I have received several comments re: my three-part Weekly Messenger series on fundamentalism (May 23, 30 and June 6). Here is another response, sent to me second-hand.
Armstrong’s articles on fundamentalism were disappointing. It was all over the map, i.e. unclear. It also seemed to conclude that our belief in the truth rests in seeing the events of Christ as being factual and the only way this happens is when the Spirit works in our hearts. Where does this leave us when people claim to be moved by the Spirit to contradictory interpretations of thefacts of Christ? This is surely another form of irrational emotionalism. It is also very dangerous for him to say that there is a difference between divine revelation and the Bible. I guess he is fighting against a narrow biblicism, i.e. worship of the Bible. But who does that? It is a straw man.
What about what Josiah required in 2 Kings 22 and 23. All the people were to listen to the Lord as he spoke to them in the book of the covenant. This was the way to love and serve God. Josiah was a fundamentalist according to Armstrong because Josiah saw obeying the words of the covenant written in the book of the covenant in Hebrew language as tantamount to obeying and serving the Living God. There was no distinction between divine revelation and Scripture.
Inspiration and innerrancy underlay the authority that the Book of the Covenant had. To say these are minor, fundamentalist issues is to step over the edge of evangelical faith, or what has been held as evangelical faith. It was accepted as God’s very words by Josiah and it was not to be doubted nor were certain portions accepted or rejected based on whether the Spirit was using that portion of the Word to touch their heart. It was all true–objectively true, even propositionally true–and to be obeyed without question.
There is more in these comments than than I can address fully in a few paragraphs but I will try to give a little perspective on several things. I believe most readers can move beyond the emotional words used in this kind of reaction.
1. My articles were not "unclear" to scores of readers who know exactly what I am talking about since they have either been fundamentalists or have been profoundly influenced by the ministry of one or more fundamentalists.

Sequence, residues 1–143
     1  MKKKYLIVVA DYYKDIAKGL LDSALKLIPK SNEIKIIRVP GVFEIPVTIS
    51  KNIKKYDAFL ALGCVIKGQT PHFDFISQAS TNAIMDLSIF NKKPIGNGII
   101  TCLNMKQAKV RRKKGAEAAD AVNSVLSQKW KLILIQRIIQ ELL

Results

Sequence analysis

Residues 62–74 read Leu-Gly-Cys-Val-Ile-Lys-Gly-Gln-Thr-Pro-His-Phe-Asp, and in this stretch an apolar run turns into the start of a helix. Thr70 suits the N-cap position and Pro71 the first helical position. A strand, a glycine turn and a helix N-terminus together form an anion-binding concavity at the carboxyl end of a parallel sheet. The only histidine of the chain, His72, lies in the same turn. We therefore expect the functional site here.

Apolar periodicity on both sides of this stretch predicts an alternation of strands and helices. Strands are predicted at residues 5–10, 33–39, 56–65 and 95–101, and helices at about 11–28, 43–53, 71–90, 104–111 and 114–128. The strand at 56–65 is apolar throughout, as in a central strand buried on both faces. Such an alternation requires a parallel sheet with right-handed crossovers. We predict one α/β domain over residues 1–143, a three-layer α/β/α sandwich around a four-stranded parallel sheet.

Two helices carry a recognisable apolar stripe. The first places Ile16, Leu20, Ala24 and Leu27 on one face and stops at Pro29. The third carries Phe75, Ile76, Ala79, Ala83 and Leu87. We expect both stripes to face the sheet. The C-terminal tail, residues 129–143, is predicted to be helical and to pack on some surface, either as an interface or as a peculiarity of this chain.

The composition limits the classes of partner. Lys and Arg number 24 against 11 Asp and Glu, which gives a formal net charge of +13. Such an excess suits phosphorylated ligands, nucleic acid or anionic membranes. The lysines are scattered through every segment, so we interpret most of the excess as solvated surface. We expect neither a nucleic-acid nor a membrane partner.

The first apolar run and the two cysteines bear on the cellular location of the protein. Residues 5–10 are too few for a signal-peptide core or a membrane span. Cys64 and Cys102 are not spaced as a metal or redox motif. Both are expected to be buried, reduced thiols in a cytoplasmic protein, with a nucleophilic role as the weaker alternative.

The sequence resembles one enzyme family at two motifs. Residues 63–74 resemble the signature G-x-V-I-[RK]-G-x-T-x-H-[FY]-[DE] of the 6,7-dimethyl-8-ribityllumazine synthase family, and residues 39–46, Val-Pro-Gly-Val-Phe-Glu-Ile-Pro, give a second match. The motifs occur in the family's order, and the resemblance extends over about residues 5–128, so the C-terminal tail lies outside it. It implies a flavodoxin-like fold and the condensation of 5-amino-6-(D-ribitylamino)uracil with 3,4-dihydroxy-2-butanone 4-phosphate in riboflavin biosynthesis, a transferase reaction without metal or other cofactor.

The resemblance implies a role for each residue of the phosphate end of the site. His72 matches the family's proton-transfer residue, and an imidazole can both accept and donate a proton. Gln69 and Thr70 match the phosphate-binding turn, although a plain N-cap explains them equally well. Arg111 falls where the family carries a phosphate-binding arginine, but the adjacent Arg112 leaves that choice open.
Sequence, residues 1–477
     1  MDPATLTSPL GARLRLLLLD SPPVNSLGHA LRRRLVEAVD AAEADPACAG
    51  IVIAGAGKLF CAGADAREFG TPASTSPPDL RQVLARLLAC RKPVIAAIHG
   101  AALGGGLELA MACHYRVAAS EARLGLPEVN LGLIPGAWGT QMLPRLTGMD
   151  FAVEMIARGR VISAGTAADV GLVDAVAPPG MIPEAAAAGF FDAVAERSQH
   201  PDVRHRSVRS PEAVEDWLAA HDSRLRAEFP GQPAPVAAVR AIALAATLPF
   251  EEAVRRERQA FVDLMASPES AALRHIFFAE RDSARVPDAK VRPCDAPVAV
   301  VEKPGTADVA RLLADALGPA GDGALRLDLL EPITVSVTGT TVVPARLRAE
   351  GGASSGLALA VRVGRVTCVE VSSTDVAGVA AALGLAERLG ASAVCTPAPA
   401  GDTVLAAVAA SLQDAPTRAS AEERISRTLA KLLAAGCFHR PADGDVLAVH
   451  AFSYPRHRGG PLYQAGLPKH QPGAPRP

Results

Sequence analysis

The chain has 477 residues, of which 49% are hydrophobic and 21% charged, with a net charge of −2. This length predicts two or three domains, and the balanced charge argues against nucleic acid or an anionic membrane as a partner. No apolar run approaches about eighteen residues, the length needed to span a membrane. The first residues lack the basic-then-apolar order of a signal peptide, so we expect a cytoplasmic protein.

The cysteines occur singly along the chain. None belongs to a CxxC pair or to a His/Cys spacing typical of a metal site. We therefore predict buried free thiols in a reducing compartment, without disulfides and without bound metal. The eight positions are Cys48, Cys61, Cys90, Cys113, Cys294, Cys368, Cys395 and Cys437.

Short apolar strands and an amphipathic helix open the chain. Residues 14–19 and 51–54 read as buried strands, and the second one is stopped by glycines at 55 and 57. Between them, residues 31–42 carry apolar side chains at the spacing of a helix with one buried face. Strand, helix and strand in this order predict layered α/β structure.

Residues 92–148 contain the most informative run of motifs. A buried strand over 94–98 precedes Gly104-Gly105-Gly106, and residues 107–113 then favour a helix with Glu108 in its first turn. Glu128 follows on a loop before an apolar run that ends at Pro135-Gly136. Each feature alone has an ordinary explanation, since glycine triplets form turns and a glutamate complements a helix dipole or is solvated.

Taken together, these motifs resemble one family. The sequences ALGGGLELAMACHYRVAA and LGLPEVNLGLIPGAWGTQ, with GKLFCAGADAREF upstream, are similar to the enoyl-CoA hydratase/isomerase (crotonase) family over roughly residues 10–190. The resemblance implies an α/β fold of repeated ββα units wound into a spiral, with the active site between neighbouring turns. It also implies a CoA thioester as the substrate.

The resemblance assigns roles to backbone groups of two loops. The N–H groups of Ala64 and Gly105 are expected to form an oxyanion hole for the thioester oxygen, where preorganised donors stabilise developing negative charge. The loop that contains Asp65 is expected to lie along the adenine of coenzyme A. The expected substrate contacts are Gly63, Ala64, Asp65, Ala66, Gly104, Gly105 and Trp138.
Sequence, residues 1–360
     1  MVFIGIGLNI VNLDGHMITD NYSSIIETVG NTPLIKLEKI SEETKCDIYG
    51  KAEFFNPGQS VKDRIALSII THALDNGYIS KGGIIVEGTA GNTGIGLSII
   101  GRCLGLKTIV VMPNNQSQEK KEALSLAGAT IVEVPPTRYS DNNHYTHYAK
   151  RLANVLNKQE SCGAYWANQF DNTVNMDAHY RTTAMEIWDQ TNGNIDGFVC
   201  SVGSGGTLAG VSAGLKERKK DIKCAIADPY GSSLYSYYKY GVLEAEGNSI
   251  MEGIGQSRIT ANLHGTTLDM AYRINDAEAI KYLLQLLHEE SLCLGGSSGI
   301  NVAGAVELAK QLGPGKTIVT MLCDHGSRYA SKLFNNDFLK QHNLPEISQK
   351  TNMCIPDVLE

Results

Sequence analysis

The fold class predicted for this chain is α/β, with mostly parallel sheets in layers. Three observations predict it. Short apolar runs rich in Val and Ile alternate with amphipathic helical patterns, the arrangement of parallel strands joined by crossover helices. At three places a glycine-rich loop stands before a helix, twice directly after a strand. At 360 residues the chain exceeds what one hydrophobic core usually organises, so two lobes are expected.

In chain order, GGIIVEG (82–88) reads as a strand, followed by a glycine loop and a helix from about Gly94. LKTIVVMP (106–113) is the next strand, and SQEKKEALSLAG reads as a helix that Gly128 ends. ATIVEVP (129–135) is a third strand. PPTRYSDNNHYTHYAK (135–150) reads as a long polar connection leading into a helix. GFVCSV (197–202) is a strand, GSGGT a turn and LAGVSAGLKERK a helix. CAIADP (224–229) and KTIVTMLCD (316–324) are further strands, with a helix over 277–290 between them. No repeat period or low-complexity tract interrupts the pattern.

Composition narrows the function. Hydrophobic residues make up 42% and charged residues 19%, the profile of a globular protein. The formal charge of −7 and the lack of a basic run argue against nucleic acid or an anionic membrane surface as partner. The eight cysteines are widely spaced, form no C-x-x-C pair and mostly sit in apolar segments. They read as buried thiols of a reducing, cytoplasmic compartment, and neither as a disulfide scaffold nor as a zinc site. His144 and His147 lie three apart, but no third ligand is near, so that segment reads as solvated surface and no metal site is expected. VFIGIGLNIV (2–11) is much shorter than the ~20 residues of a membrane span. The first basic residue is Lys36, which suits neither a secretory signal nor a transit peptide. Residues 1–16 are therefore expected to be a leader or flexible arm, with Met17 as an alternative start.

2. My articles referred to the "tone" and "spirit " of fundamentalism as understood in Dr. E. J. Carnell’s reference to fundamentalism being "orthodoxy turned cultic." This was clearly the burden of my first two articles, which I am unsure this critic carefully read.
3. That there is a difference between the Bible and divine revelation is nothing more than good, solid, orthodox theology. This writer seems to think that I am positing the idea that the Bible does not actually reveal God to us. Nothing could be further from the truth. I did not say Scripture "contains" the Word of God. What I said was that Christ is the Word of God who is revealed to us by the Spirit through Scripture. There is a huge difference here and I am not sure this critic understands that difference or its importance.
4. I did not say inspiration or inerrancy are "minor" issues. I do not know where the reader got this from my articles. I said we make a mistake when we equate a sectarian interpretive framework with a high view of the Bible. Here is one such parapragh from my second article:
I read it [i.e., the Bible] to meet Christ, to hear God’s voice, to enter into divine revelation personally.
For the life of me, and given the qualifications I wrote in the paragraph surrounding the above quote, I can’t see how anyone who read my words fairly, and who has a modicum of theological background, could read these ideas into my words.
Here, further, is what I also wrote:
After all, the final guarantee of truth, assurance and hope is not an a priori proof for the Bible or the miracles recorded in the Bible. The guarantee is finally the gift of salvation in Jesus Christ, made known to me by the Holy Spirit, through the historical divine-human witness of the Bible. The Holy Spirit, who inspires and illuminates this book as no other human book, brings me to Jesus by using this book. When we miss this point I believe we fall back into the spirit of fundamentalism, even if the fall is unintentional.
I am in no way denying inspiration, or for that matter inerrancy so long as the term is properly used and defined. What I am challenging is the idea of an a priori proof for the Bible, one by which we can "prove" truths from the Bible and thereby cause, or create, faith in the Christ of Holy Scripture. I am also challenging the "way" we use Scripture in fundamentalist contexts. Is this a straw man? I submit that it is a major error of hyper-orthodoxy and a method whereby the fundamentalist spirit lives and reigns in many churches and hearts.
As much as liberalism believes too little of what is taught in the Bible, fundamentalism believes, and seeks to prove, too much. Fundamentalism makes essential certain things not clearly revealed in Scripture. And it makes these non-essential "truths" into right belief by the use of fallible logic and abusive human ultimatums. This is why I still submit that there is a deep and serious ditch to be avoided on both sides of the Christian road.
The writer who forwarded these comments to me argued that I should spend an equal amount of time attacking liberal Christianity. This is an old canard often used when folks are not comfortable with an emphasis being presently made. I routinely show how liberal Christianity fails the cause of grace and truth in my writing. My concern in these articles was to show conservative Christians how to avoid the dangers of the right since these are the dangers I believe directly threaten to destroy our evangelical misison in the present day.